Half of a square is detergent for one load of laundry. I just put the strip in the drum and run my washer as usual. I think they are great! I was worried that they wouldn’t be strong enough for the diapers, but out of necessity we tried it￼, and I think it worked fine.
I love that this detergent option has no plastic jug to dispose of and even ships free without any plastic packaging.
This company is great and the store is full of low waste products. While I was there buying the laundry strips, I also picked up toothpaste tablets:
And a laundry stain stick:
I haven’t tried these two things yet. They will each probably warrant their own post with all the details, so stay tuned!
So, basically, what I’m trying to say is, before you go out and buy something that has a single use and will be tossed in the trash and that you have to continue to buy and throw away over and over and over again for the rest of your life….look around for a reusable alternative. There most likely is one. And it will save you loads of cash and Mother Earth loads of trash in the long run.
You heard it here first, folks. Zero Waste is not actually about the waste.
When I first hopped on the waste-less bandwagon around a year ago, I kept seeing all these articles by negative Nancys basically calling the zero waste movement a fraud.
“It’s not actually zero waste,” they said.
“It’s not even going to make a dent in the waste problem.”
“The only way to save the planet is get big business and government legislation involved.”
Ok, so I hear all of this angsty, “why bother” business and I realize that they have all missed the entire point of the zero waste movement.
It’s not about the waste.
Technically it is about waste, but in reality, this way of life is MUCH MUCH bigger than just how much garbage you personally produce. It’s about more than reusable shopping bags and stainless steel straws and cooking from scratch and BYORC [bring your own reusable container – I bet you couldn’t tell I made that up…]. It’s not about storing all your trash in a jar, or in anything at all. None of that matters if we’re missing the whole point.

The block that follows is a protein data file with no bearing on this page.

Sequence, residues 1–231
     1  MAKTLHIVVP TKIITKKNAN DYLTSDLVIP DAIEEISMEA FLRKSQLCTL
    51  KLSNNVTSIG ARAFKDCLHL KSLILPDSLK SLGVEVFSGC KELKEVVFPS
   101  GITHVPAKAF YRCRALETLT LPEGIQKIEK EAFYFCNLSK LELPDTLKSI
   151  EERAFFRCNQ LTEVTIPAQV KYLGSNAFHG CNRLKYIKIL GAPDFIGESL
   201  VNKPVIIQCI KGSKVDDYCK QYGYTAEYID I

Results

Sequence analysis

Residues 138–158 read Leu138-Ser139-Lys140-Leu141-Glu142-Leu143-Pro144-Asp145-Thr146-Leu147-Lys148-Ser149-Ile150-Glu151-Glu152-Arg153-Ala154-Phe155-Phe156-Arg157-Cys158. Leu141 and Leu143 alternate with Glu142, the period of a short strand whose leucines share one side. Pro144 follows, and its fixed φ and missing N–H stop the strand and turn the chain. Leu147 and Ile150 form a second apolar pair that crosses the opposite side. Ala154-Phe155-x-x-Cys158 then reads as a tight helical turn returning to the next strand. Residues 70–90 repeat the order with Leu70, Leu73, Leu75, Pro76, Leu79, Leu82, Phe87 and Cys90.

So what is the whole point?
Are you ready for it?
Zero waste is about affecting social change.
In other words, zero waste is less about how much actual waste you are producing and is much more about how you are influencing other people’s understanding of the waste problem. Sure, you can store five years worth of rubbish in a can, but if you are the only one doing it – I’m sorry – it’s just not going to help.
On trash pickup day, I see so many trash cans in my neighborhood filled to the brim. Some houses have several cans out. Some have whole piles of extra crap next to their cans. I would have to be certifiably insane to think that I am helping the cause by not contributing trash to the weekly pickup. That’s just nonsense. The quantity of trash is just plain enormous.
But I’m not trying to discourage zero wasters [or potential converts]. On the contrary, I’m trying to encourage everyone by saying that you ARE making a difference. Just by participating in the zero waste movement and living the zero waste lifestyle [and it doesn’t have to be perfectly, by the way] we are influencing those around us.
The whole reason the zero waste movement became defined by the trash in the jar stuff is because it is shocking. When someone holds a pint jar and says that all of the trash they have produced in the past year is inside, well, people notice. Because that is just plain not normal in our society. And that catches people’s attention. That plants a seed of curiosity, which we all hope will lead to research and then enlightenment and then changed behavior.
After all, that is the journey that we all went on before going zero waste, right?
“We don’t need a handful of people doing zero waste perfectly. We need millions of people doing it imperfectly.”
Those millions of people aren’t just going to wake up one morning and start refusing plastic straws. But maybe if they see us doing it, if they hear us talking about it, then maybe the millions will join us.